New Delhi -°C
Today in New Delhi, India

Sep 26, 2020-Saturday
-°C

Humidity
-

Wind
-

Select Country
Select city
ADVERTISEMENT
Home / Mumbai News / TB testing machines record 20% Covid-19 positivity rate in Maharashtra

TB testing machines record 20% Covid-19 positivity rate in Maharashtra

mumbai Updated: Aug 31, 2020 00:49 IST
Rupsa Chakraborty
Rupsa Chakraborty

TrueNat, a portable medical device that was originally designed to detect tuberculosis (TB), was recently used to test 26,000 people across Maharashtra for Covid-19. Of this number, almost 20% tested positive for the novel coronavirus.

This has prompted the state health department to run TrueNat tests for Covid-19 on individuals in need of emergency surgeries since it gives results within 20 minutes.

TrueNat is a chip-based real-time polymerase chain reaction (RT-PCR) test kit that was used as a screening mechanism for potential TB patients. As per Indian Council of Medical Research (ICMR), the diagnostic tool involves two steps — E gene screening assay for suspected Covid-19 samples, and a follow-up confirmatory assay of RNA-dependent RNA polymerase (RdRp) enzyme found in the virus’ RNA (ribonucleic acid). RNA is essential in various biological roles in coding, decoding, regulation and expression of genes.

Since May, 26,215 people in the state have undergone TrueNat tests, of which lab technicians found 7,693 samples had the presence of the E gene. This accounts for 29% positivity rate in the first stage of TrueNat tests. Though actual data is not shared, as per an official from the state health department, more than 90% of samples were found Covid-19 positive in TrueNat RDPR. After completing both steps, the cumulative positivity rate of TrueNat in identifying the Sars-CoV-2 virus, which causes Covid-19, stands at 20%.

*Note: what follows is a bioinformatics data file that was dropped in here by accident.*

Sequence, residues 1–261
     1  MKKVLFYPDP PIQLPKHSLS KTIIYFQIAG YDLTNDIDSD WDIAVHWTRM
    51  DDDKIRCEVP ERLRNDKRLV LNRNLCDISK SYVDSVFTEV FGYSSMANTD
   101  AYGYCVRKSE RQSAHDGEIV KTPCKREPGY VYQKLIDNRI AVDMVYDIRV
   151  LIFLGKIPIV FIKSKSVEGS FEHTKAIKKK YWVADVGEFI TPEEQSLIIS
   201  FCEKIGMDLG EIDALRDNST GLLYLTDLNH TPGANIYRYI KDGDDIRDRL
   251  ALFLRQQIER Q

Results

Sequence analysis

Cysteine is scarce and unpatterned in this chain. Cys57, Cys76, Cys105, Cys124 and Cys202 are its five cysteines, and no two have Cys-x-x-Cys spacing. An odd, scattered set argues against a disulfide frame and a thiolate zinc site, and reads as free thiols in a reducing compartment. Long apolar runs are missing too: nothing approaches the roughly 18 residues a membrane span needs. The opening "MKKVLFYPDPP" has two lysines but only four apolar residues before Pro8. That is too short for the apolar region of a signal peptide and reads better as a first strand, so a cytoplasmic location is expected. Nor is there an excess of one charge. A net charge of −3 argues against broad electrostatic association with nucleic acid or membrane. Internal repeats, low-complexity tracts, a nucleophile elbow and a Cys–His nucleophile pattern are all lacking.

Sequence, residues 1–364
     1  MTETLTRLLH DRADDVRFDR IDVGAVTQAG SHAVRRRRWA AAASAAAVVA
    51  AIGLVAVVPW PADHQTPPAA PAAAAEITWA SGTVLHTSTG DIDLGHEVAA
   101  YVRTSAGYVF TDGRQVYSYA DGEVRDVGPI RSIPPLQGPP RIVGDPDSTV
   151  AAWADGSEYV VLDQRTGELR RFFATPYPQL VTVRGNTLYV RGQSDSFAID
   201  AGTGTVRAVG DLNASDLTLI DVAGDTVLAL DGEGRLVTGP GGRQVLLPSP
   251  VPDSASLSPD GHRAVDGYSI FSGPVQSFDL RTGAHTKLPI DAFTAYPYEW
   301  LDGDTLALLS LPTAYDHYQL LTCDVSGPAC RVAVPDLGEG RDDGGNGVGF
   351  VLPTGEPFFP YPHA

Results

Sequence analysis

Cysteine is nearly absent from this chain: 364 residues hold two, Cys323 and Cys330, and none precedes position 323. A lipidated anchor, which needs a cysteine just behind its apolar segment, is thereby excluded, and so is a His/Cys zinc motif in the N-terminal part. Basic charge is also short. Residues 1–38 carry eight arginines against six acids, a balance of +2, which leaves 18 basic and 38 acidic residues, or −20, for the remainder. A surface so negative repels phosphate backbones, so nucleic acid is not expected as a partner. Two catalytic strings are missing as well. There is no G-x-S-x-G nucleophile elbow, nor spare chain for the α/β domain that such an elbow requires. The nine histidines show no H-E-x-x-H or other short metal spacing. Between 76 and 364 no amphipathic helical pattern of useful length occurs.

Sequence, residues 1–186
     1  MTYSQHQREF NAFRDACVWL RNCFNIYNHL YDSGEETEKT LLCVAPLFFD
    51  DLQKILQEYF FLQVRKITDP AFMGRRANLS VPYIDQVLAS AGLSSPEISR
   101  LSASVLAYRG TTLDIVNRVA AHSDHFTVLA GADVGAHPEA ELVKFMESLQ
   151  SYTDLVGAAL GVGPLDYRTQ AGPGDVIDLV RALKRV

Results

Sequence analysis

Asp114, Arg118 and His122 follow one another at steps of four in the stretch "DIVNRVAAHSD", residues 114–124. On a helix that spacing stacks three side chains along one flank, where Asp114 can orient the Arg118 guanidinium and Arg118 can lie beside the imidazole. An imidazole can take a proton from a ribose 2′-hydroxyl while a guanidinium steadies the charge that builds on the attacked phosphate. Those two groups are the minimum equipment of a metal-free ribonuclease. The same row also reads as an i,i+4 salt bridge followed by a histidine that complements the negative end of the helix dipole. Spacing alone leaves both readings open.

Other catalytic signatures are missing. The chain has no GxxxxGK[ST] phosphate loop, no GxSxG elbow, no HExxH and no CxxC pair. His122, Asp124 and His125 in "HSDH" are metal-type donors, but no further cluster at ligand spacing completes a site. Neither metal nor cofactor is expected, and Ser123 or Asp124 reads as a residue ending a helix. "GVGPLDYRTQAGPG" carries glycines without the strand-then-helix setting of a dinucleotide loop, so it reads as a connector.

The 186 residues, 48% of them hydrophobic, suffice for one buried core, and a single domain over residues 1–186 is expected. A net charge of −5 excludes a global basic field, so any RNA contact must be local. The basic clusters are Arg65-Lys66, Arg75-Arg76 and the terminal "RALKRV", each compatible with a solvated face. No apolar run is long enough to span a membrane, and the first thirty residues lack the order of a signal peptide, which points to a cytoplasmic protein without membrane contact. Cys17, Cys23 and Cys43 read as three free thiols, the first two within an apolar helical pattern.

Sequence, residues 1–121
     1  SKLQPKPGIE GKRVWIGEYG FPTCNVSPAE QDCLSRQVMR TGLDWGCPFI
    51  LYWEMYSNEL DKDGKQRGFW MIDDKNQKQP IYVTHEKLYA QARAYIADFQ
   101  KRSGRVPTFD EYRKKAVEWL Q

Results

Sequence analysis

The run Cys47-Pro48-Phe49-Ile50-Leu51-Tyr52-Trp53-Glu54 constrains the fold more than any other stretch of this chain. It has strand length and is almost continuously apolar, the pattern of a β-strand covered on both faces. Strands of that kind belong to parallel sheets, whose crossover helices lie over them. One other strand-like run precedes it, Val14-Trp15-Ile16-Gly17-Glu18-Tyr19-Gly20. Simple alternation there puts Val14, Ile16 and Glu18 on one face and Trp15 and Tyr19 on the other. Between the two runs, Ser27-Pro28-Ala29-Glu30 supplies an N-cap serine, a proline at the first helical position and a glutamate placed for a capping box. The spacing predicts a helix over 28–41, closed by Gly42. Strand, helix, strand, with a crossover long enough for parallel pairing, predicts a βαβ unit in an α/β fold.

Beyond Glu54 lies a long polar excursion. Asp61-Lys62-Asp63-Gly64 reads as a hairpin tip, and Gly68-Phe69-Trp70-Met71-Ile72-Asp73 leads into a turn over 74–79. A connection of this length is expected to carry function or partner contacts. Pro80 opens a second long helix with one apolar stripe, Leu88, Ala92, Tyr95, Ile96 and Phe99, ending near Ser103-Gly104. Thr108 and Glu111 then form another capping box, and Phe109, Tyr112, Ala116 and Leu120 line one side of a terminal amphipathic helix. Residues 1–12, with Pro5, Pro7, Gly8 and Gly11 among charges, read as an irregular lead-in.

“As per ICMR guidelines released in May, if the E-gene screening is negative, the sample will be considered a true negative. But if the sample is positive, the RdRp assay will be done as a confirmatory test. If the sample tests positive, it will be considered a true positive, and no further test will be required,” said Dr Pradeep Awate, state surveillance officer. “So far, we are conducting a limited number of TrueNat tests in comparison to RT-PCR and antigen tests. But we have plans to extend the TrueNat tests,” he said.

TrueNat is an indigenously developed, portable version of cartridge-based nucleic acid amplification test (CB-NAAT), also known as the GeneXpert test. Medical experts said the advantage of the test is that it is quick and portable – allowing teams to set up mobile testing centres or kiosks in containment zones instead of having to transport samples to laboratories. Since the swab samples are collected in a viral lysis buffer (solution), biosafety and biosecurity requirements to use TrueNat machines are minimal.

TrueNat machines were previously used to detect the Nipah virus during the 2018 outbreak in Kerala. “Both the tests [CB-NAAT and TrueNat] are cheaper than the traditional RT-PCR tests. Unlike CB-NAAT, TrueNat runs on a battery and doesn’t need an uninterrupted power supply and air conditioning. So, it can be carried to containment zones and slums for testing,” said Suresh Kakani, additional commissioner, Brihanmumbai Municipal Corporation (BMC).

With the goal of speedy detection of Covid-19 cases, the state government is planning to conduct TrueNat tests in medical emergencies like accidents or pregnancies. “We have instructed hospitals with the machines to run diagnosis in emergency cases along with the general screening of suspected Covid-19 patients,” said a senior official from the health department. As per sources, hospitals have also been instructed to conduct TrueNat tests on dead bodies in case doctors suspect Covid-19 infection.

In the absence of a vaccine or drugs to treat Covid-19, faster diagnosis and early medical intervention are essential. “Under the present testing procedure, diagnosis takes almost eight hours. This test [TrueNat] can provide faster results [20 minutes], saving more time and lives. However, we need more studies to understand its accuracy in the diagnosis of Covid-19,” said Dr Ramraje Nagsen, pulmonologist at JJ Hospital.

ht epaper

Sign In to continue reading